After the booking, the prisoner is taken to the cells. What a grim place. I stepped inside one of them and Sgt. Maddison clanged the door shut behind me. The sound reverberated and the immediate sense of isolation set in. I pictured images from Escape From Alcatraz, except there was no way of tunneling out of this cell. With a window I couldn't reach or see out of even if I could reach it, I had nothing but four blank walls, a stone "bed", and a flat plastic mattress for company. I was locked inside the cell for less than a minute. It was enough.

After Sgt. Maddison let me out, he showed me the dry cells, which are cells without a toilet or a sink, used for murder suspects, giving them no chance to wash away any evidence. Once the samples are taken, these prisoners would then be moved to a proper's not much of an improvement.

Prisoners charged of a crime are remanded in custody by the Sgt. until they can appear in court, after which, unless granted bail, they are transfered to a prison cell to await trial. I couldn't help wondering how much worse that might be and decided I'll have to visit a prison next to find out.

As my 2 hour tour of the police station and cell block concluded, we covered the complete process from receiving an emergency call to dispatching officers to the scene of the crime, and how prisoners communicate with legal representation while in custody. I sat inside an interview room, and got to see inside the CCTV room, which covers far more than the average person would think. If you knew how much of a town and the surrounding area the police can should deter you from committing a crime.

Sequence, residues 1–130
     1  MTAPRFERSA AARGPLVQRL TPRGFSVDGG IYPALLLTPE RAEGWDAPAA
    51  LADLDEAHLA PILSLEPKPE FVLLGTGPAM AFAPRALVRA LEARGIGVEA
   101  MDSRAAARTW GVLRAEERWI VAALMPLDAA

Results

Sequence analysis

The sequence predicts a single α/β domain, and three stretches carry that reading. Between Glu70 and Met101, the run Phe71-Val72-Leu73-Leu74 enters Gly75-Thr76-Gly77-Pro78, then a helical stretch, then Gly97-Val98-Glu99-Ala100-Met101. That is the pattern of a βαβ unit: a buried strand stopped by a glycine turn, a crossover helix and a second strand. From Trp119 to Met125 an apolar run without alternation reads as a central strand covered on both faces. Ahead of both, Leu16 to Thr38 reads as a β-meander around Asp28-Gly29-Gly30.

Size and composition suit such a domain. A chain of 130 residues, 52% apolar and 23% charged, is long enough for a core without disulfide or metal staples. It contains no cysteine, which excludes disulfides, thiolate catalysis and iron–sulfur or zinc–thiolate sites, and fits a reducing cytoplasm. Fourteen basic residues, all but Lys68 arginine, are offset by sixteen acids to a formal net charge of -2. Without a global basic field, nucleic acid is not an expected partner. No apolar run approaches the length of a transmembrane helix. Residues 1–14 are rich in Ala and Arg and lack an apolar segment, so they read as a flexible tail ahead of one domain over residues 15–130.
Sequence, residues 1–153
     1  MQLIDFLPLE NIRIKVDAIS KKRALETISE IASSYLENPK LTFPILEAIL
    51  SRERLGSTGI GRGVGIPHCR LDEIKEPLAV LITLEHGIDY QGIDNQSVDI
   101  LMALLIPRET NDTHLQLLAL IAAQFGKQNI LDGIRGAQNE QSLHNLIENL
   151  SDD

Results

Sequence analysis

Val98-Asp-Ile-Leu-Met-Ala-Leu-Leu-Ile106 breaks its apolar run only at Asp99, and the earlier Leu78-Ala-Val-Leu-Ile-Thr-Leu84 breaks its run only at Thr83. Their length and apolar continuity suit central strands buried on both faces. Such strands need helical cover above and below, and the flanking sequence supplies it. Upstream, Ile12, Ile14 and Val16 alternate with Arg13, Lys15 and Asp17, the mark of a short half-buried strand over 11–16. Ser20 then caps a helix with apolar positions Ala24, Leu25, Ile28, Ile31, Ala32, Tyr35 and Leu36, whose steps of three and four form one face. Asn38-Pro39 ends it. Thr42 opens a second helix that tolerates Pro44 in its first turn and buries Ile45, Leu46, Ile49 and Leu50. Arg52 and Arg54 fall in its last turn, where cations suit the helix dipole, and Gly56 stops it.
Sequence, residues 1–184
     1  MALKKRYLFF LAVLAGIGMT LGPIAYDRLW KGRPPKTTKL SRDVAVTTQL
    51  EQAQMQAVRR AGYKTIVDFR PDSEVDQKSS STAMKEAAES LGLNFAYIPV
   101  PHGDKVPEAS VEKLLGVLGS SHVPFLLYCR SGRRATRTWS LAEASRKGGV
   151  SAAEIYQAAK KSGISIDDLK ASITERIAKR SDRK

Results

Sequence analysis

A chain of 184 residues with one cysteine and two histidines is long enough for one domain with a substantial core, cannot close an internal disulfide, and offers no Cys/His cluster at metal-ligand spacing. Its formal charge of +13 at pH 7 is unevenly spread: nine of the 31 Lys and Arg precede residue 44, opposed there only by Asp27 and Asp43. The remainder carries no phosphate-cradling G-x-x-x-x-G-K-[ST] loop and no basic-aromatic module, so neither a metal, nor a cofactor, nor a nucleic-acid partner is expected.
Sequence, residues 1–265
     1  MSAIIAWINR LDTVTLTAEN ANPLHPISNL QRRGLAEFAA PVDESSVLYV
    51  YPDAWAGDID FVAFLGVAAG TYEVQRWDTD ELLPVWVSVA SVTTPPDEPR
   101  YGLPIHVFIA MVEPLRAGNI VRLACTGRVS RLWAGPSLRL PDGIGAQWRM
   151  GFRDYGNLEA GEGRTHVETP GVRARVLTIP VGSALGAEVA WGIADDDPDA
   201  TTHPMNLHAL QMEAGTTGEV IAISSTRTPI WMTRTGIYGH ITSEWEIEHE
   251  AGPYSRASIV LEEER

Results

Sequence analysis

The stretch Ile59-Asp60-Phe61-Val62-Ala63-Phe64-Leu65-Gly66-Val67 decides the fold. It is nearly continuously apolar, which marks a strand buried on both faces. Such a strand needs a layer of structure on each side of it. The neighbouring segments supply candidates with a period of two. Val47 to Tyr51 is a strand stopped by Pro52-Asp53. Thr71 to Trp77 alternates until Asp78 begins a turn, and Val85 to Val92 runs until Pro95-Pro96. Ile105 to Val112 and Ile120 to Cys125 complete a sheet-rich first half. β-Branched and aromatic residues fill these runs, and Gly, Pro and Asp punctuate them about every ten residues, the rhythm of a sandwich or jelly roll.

I got more out of this visit than I ever expected. As much of the research for my books is conducted online, it was a real treat to get out in the field and talk to those who deal with crime and criminals every day, get a feel for what they deal with and see what the prisoner endures. My huge thanks to Sgt. Antony Maddison for giving up your time and arranging such a valuable tour.


  1. This is fascinating on so many levels! First of all, having read almost all of your books, your post today feels particularly British - I can hear your lovely accent as I read it, unlike your thrillers, where your voice adopts the location you've written about.

    Second, does Sgt. Maddison's colleague have any sense of humor about being Nick who works in the nick? BTW, I think that's an interesting term for jail, since my Brit friend Chrissie shares some of my FB stuff by saying she's "nicking this." I don't know if we Yanks have a term that means both "to steal" and "jail".

    Third, I think it's interesting to have the dry cell so they can't wash off evidence. A very simple solution to the problem of timing a suspect's arrival with the staff available to process them.

    Fun post!

  2. It was a fascinating and a very thorough tour, Gayle. I got a real sense of how frightening an arrest would be for a first time offender.

    As for Nick working in the nick...that is funny. I hadn't noticed until you pointed it out :-). They do all have a good sense of humor - I think you'd need it to work in that type of environment.

  3. It's important for us as writers to take advantage of opportunities to get hands-on experience whenever possible. It's the little details that can make our scenes ring true.

    Thanks for sharing, Jenny.